The paper, published last week by the German Council on Foreign Relations’ (DGAP) deals with options below the level of the demilitarization of Russia, the nuclearization of Ukraine or its NATO membership.[3] It also analyzes an option, being discussed under the buzzword “porcupine.” That word symbolizes the massive arming of Ukraine – so comprehensively that it would deter any future attack. This option has been in preparation since some time, also with German support. The German Rheinmetall Corp. has announced its intention to build a modern tank factory and other weapons factories, to provide that country with a formidable armament industrial base. (german-foreign-policy.com reported.[4]) A group of other NATO countries have offered Kiev the prospect of the delivery of F-16 fighter planes and announced the training of Ukrainian pilots. According to the DGAP, all this is insufficient, because it offers Ukraine no guaranteed security. It is conceivable to provide Kiev with not only hardware to defend against future attacks but also to make the production of offensive weaponry possible. However, the Western countries usually do not provide the required know-how.

A Coalition of the Willing

The DGAP therefore suggests another option that had recently been advanced by Tobias Ellwood, Chair of the British Parliament’s Defense Committee. According to Ellwood’s option, a Western coalition of the willing should guarantee Ukraine military assistance. This should be buttressed by all sorts of practical measures, ranging from training Ukrainian soldiers, joint major large-scale maneuvers on Ukrainian territory, all the way to the creation of a powerful rapid deployment force. The Joint Expeditionary Force (JEF) could serve as the core element of the coalition of the willing, writes DGAP, referring to Ellwood. The creation of JEF had been decided during the NATO summit in Newport, Great Britain in September 2014, and alongside Great Britain, it also includes five North European countries (Denmark, Finland, Sweden, Norway, and Iceland), the Baltic countries and the Netherlands. According to the DGAP paper, to support Ukraine, the JEF could be expanded – specifically, to include France, which, recently had advocated Ukrainian NATO membership.[5] Germany should also consider participating. The DGAP proposes that the formation be named the Joint European Defense Initiative (JEDI).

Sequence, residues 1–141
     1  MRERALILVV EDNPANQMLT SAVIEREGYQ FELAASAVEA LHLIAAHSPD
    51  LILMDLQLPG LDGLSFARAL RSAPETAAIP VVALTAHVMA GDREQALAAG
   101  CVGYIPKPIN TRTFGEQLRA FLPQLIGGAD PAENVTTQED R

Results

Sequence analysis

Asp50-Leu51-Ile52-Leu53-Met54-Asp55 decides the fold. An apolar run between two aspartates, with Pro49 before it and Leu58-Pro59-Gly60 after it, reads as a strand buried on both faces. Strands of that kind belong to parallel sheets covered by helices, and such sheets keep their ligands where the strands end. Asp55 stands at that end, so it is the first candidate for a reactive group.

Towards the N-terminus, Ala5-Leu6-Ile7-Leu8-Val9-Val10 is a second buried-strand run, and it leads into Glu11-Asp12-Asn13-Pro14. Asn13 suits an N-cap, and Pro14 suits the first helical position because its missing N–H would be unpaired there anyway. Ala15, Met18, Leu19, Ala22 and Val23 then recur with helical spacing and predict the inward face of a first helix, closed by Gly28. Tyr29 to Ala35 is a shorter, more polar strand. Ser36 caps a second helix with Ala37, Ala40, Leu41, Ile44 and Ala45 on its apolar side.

NATO Membership

According to the DGAP this is insufficient in the long run. The formation of JEDI can only provide an interim solution. NATO membership is the only viable long-term option. The latter is also demanded by SWP. Even though Ukraine’s accession to the Western military alliance is “risky and difficult,” “practical steps toward accession” should already be considered at the NATO summit in Vilnius. To emphasize this demand, DGAP suggests that Kiev would certainly draw consequences from the failure of the 1994 Budapest Memorandum. In that Memorandum the United States, Great Britain and Russia had committed themselves to provide Ukraine security guarantees, in return for Kiev’s renunciation of nuclear weapons. DGAP predicts that Kiev will no longer accept any such unreliable guarantees. In the absence of effective security guarantees, Ukraine’s nuclearization can no longer be ruled out.

 

[1] Zitate hier und im Folgenden aus: Margarete Klein, Claudia Major: Dauerhafte Sicherheit für die Ukraine. SWP-Aktuell 2023/A 44. Berlin, 29.06.2023.

[2] See also Bloc Formation in East Asia.

[3] Benjamin Tallis: Security Guarantees for Ukraine. dgap.org 30.06.2023.

[4] See also Eine rüstungsindustrielle Basis für die Ukraine.

[5] See also Deutsch-französische Konflikte.